Neighborhood Meetings

Neighborhood Meetings

Residents get the facts before public hearing, still oppose formalized day-labor site.

Residents of the Autumn Glen and Stone Oaks neighborhoods held a meeting July 27 to get correct information about the proposed day-labor site that would neighbor their developments.

Organized by resident George Taplin, Mayor Michael O’Reilly, Chief of Police Toussaint Summers Jr. and Kerrie Wilson, CEO Reston Interfaith and executive council Project Hope and Harmony, were asked to provide information and answer questions.

Taplin prefaced the meeting by indicating it was held for the purpose of learning correct information from the appropriate officials. All issues pertaining to illegal immigration and comments focused on race would not be heard during the meeting, he said.

“This is an emotional issue,” said Taplin. “We’re going to get the facts and stick to the facts.”

O’Reilly began the meeting with a brief history of the current day-labor site and past suggestions for a solution. Prior suggestions were never acted upon, resulting in the current situation.

The issue is not the congregation of documented or undocumented workers, the problem is too many men standing on the street corner of Alabama Drive and Elden Street fighting for work every day, said O’Reilly.

“A success is to clean up Alabama and Elden and have a small regulated site operate on regulated hours at the police station in the parking lot,” he said. “What it comes down to is an unregulated site versus a regulated site, and I’m in favor of a regulated site.”

In the months leading up to Project Hope and Harmony’s application to the town, O’Reilly and other council members and town staff met with Fairfax County Supervisors and officials as well as Loudoun County Supervisors to discuss potential solutions, he said. Because of the communication, Fairfax County officials determined $400,000 would be allocated to the creation of formalized day-labor sites within the county. Herndon was one of the first sites selected to receive the money, said O’Reilly. The county has accepted bids for the site plan, but has not announced which organization would run the site in cooperation with the site manager Project Hope and Harmony has hired, said Wilson. It is still undetermined how much money the town will be given to establish a site, if approved.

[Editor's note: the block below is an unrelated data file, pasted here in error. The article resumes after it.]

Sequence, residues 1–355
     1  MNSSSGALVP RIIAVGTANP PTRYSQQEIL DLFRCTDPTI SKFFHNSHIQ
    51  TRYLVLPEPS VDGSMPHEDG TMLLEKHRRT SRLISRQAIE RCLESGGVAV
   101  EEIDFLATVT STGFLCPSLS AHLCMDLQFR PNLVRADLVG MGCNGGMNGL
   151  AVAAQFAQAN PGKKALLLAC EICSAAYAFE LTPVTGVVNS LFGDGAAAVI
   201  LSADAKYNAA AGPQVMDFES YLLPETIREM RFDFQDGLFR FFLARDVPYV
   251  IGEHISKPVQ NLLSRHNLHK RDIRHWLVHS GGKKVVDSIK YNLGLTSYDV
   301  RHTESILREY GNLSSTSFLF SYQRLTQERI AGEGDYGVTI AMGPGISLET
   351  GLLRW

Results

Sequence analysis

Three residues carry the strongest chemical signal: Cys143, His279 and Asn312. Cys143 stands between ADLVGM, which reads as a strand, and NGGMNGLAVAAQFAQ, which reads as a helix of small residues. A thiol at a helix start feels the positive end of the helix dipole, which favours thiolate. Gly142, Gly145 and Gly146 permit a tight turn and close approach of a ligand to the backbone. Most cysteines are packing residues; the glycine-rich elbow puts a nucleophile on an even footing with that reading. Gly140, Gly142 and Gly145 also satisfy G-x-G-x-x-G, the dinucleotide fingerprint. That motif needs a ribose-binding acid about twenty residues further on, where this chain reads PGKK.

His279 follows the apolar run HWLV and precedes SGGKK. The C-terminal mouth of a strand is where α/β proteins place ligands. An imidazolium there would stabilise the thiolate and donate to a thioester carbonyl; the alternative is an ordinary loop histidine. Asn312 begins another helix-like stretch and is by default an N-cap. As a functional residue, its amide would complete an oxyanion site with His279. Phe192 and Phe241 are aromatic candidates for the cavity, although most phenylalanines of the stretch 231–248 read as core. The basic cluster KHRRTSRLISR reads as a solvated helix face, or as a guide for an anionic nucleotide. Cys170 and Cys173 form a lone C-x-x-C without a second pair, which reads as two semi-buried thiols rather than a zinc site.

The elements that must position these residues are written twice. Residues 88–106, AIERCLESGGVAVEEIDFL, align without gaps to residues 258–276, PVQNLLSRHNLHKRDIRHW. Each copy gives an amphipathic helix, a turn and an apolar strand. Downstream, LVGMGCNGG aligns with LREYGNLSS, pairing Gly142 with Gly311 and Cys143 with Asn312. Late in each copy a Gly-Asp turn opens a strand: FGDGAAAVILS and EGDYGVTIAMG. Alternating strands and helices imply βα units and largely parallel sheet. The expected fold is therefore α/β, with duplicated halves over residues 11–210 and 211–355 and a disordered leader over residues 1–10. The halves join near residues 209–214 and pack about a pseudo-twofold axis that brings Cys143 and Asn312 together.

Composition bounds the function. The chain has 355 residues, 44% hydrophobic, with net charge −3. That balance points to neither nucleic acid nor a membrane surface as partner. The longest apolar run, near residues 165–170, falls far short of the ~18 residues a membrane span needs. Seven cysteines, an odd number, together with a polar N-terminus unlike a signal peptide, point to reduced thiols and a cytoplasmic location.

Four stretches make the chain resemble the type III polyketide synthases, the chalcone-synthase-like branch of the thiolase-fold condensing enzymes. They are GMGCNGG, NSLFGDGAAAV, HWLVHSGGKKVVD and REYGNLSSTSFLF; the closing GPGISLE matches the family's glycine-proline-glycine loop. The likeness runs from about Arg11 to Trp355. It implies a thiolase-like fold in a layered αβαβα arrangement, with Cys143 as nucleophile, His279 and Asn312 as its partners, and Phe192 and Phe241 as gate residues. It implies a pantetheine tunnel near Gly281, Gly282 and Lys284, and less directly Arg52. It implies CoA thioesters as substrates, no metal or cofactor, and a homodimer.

“The focus is gaining order, control and regulation of an activity that has been going on for a decade or so,” said Wilson.

Wilson outlined Project Hope and Harmony’s site plan proposal. Each morning workers would review the approved code of conduct on site with the site operator, said Wilson. Workers would be reminded daily that it is against the law to cut through residential yards to get to the site, she said.

Because the county would fund the creation of the site initially, the site would be heavily monitored not only by the town but also the county to ensure code requirements were adequately met, she said. Once established, the town could create an ordinance that prohibits the solicitation of work either by car or by foot, deeming it illegal for workers to get work anywhere but the formalized site, said Wilson.

“Without a regulated site,” said O’Reilly, “our town attorney informed us such an ordinance would be struck down as unconstitutional.”

If workers do not find work for the day, they would be able to partake in English classes and other job-training courses to assist them in job skills as well as potentially find permanent work, said Wilson. Once the site closed down for the afternoon, workers would be required to leave.

Because the site is public property, police can take legal action if the workers do not leave after closing hours, said Summers. Because the current 7-Eleven property is private land, the police cannot take action unless the manager of the store calls the police, he said.

Police would also frequent the proposed site on a regular basis because they get gasoline from the public works building — next door to the proposed site, said Summers.

“The police department is very aware of the concerns and we have been planning for the ‘what ifs,’” he said. “We will do everything possible to make sure people do not infringe on your property.”

Police officers will make extra patrols in the neighborhoods surrounding the site, if approved, to ensure workers are adhering to the rules, said Summers. But, because officers cannot be everywhere at once, it is essential members of the community immediately call police if someone does trespass through their yard or commit a crime, he said.

“We can’t give a plan as such because we’re going to respond to the crime as it occurs — but we’re going to try to prevent it as best we can,” he said in response to requests for a plan of action. “We need the support of the community, we need the eyes and ears of residents to help.”

After O’Reilly, Wilson and Summers left the two-hour meeting, Taplin held a 20-minute ad hoc discussion with residents. Most residents said they were against the formation of the site, questioning if a site operating on town property and with taxpayer money was legal if it assisted undocumented citizens.